Updated: Aug 27
In an effort to stand out and add a personal spin to your resume, you may be tempted to include interests, hobbies, and other things that aren't directly related to your professional career.
The common arguments for this that I always hear are that maybe you want to break the ice, have a conversation starter, or find some common ground with the recruiter. I'm going to tell you why that's a bad idea and why these things should never be added to your resume.
Valuable and limited space on the page
Your resume is like a piece of prime property. You only have one or two pages to impress the hiring manager and convince them that they should call you for an interview. Adding things like 'working out, reading, and skiing' won't help you accomplish that.
They're not that interesting (sorry!)
You may include your hobbies in an effort to seem interesting. But when you're in the other person's shoes and have to read through hundreds of resumes per day, it gets old fast.
In some instances, depending on who is reading your resume, it may even work against you; the hiring manager may consider that you're wasting their time by including these details and throw your resume in the 'no' pile as a result.
It Hurts Your ATS Score
Your resume is scanned by software prior to reaching any human recruiters. The software parses the data from your resume, organizes it, and ranks it by how well it matches the job requirements.
When you add information that is unrelated to the job at hand, you only work to reduce your overall score, making it less likely that you'll get an interview, and even less that you'll get the job.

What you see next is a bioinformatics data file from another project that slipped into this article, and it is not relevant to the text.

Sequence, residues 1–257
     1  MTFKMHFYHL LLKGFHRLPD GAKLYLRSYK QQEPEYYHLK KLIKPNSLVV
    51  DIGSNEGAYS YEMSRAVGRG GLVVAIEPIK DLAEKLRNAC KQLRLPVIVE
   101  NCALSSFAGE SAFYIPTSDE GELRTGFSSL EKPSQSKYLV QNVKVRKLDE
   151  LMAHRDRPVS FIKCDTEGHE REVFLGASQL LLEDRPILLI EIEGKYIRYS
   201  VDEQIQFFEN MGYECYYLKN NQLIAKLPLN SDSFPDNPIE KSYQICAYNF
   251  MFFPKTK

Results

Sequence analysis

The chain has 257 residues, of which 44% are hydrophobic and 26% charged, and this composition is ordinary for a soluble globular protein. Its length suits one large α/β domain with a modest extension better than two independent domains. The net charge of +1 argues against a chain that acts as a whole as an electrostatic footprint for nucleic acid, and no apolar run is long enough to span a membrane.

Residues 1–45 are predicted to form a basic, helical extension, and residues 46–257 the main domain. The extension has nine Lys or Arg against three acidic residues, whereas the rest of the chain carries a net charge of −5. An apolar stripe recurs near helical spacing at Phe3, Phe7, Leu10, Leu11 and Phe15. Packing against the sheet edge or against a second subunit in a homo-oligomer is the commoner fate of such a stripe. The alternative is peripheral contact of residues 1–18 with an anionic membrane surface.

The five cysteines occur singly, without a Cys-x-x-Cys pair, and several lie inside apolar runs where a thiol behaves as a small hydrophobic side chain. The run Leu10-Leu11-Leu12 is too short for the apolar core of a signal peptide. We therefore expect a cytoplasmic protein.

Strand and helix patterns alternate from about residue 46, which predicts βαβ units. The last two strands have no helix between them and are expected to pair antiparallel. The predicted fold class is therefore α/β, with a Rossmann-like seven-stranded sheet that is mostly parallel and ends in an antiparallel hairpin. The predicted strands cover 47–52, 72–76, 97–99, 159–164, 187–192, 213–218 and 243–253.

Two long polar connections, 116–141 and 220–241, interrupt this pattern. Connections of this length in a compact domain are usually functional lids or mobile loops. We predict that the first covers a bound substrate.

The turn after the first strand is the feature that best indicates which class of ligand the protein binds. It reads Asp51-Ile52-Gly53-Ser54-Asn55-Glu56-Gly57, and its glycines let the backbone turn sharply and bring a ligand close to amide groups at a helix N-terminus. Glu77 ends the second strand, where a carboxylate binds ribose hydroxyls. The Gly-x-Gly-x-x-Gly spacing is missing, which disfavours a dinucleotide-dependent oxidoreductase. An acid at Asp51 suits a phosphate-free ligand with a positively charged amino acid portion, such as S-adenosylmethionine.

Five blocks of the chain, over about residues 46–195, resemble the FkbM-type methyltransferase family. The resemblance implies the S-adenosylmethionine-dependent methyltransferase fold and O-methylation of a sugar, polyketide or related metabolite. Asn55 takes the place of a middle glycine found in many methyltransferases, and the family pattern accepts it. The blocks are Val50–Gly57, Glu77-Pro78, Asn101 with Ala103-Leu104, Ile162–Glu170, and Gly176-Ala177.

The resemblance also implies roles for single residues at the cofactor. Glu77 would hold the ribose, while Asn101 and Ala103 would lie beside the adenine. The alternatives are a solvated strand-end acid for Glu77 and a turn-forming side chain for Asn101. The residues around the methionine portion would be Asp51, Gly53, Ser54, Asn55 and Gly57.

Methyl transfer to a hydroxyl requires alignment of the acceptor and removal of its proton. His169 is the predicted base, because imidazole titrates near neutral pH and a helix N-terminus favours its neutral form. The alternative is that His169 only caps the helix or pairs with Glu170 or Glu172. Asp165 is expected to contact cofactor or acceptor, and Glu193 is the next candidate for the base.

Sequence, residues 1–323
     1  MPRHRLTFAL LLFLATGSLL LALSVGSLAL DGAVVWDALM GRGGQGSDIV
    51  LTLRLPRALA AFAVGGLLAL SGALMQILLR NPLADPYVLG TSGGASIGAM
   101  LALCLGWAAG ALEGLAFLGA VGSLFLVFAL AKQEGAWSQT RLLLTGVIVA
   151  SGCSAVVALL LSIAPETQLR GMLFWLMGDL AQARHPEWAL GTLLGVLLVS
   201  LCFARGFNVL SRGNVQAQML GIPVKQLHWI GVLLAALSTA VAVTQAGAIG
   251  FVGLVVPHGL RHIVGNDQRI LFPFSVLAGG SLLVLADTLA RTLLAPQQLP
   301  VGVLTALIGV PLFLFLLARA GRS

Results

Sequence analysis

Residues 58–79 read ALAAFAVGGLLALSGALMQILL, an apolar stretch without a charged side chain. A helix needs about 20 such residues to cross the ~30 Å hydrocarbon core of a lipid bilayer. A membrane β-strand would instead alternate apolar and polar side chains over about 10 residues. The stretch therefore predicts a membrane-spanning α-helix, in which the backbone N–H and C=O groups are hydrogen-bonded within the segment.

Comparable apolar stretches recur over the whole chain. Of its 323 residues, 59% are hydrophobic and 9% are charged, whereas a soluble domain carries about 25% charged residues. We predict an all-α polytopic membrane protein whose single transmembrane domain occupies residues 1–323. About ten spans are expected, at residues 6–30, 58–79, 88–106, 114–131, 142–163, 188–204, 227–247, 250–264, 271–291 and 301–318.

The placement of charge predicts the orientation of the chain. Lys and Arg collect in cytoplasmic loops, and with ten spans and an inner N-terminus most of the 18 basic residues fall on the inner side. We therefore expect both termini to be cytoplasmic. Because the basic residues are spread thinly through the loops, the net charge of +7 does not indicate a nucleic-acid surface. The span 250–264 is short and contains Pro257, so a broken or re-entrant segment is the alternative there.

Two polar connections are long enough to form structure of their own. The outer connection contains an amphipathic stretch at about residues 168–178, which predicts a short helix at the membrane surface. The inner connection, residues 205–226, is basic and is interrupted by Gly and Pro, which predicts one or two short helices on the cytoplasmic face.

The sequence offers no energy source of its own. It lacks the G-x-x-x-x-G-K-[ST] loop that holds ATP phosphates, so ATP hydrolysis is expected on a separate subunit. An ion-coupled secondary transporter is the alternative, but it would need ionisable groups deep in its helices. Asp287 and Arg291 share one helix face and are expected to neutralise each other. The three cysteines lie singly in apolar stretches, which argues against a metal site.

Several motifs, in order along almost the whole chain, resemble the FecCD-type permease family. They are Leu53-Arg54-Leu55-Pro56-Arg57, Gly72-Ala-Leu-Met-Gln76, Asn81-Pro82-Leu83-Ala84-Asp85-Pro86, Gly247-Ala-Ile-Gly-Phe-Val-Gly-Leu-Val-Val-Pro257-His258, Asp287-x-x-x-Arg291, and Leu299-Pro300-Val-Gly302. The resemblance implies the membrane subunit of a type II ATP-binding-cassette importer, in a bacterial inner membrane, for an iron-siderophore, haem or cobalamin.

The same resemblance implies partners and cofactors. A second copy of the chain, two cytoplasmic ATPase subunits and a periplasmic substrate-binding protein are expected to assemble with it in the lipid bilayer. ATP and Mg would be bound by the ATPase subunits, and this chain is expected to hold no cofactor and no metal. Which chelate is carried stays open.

As with any rule, there are always certain exceptions. If you have interests that tie in directly to your career and demonstrate that you bring value to the employer, go ahead and include them - just don't devote too much space as they're ultimately less valuable than professional experience.
For example, if you're interested in landing a job in the non-profit sector and you spend some extra time volunteering for a local charity organization, devote a little bit of space to that, as it communicates passion and initiative.
Another example is if you're seeking a sales associate role at a video game store and want to mention your hobby playing games.
While these exceptions are just that, exceptions, they still apply in certain situations. A good rule of thumb is if it's relevant to your career, it's safe to include.
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About the Author
James Cooper is a Certified Professional Resume Writer and has been in the recruiting, career coaching, and writing business for almost 14 years. He began his career recruiting for AECOM, a Canadian engineering firm, and he's gone on to work with and help professionals land roles at top Fortune 500 companies.
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